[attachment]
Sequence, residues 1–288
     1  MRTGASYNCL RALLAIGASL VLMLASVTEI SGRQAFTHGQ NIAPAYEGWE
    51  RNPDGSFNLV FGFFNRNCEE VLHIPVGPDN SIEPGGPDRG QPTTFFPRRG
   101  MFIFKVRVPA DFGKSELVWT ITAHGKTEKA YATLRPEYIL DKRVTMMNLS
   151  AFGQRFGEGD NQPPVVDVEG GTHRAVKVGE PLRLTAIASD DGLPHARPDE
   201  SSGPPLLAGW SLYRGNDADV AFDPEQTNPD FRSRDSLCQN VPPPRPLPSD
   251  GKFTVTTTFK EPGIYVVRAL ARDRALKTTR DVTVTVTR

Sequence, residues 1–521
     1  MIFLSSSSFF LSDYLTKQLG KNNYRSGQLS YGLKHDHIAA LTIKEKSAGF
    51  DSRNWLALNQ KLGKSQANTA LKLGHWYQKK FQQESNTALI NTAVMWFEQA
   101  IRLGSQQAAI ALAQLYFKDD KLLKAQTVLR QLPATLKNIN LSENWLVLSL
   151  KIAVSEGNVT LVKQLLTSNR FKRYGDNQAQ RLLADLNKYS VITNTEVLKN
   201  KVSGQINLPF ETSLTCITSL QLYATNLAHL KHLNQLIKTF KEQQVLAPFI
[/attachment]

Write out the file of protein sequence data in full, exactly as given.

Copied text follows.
Sequence, residues 1–288
     1  MRTGASYNCL RALLAIGASL VLMLASVTEI SGRQAFTHGQ NIAPAYEGWE
    51  RNPDGSFNLV FGFFNRNCEE VLHIPVGPDN SIEPGGPDRG QPTTFFPRRG
   101  MFIFKVRVPA DFGKSELVWT ITAHGKTEKA YATLRPEYIL DKRVTMMNLS
   151  AFGQRFGEGD NQPPVVDVEG GTHRAVKVGE PLRLTAIASD DGLPHARPDE
   201  SSGPPLLAGW SLYRGNDADV AFDPEQTNPD FRSRDSLCQN VPPPRPLPSD
   251  GKFTVTTTFK EPGIYVVRAL ARDRALKTTR DVTVTVTR

Sequence, residues 1–521
     1  MIFLSSSSFF LSDYLTKQLG KNNYRSGQLS YGLKHDHIAA LTIKEKSAGF
    51  DSRNWLALNQ KLGKSQANTA LKLGHWYQKK FQQESNTALI NTAVMWFEQA
   101  IRLGSQQAAI ALAQLYFKDD KLLKAQTVLR QLPATLKNIN LSENWLVLSL
   151  KIAVSEGNVT LVKQLLTSNR FKRYGDNQAQ RLLADLNKYS VITNTEVLKN
   201  KVSGQINLPF ETSLTCITSL QLYATNLAHL KHLNQLIKTF KEQQVLAPFI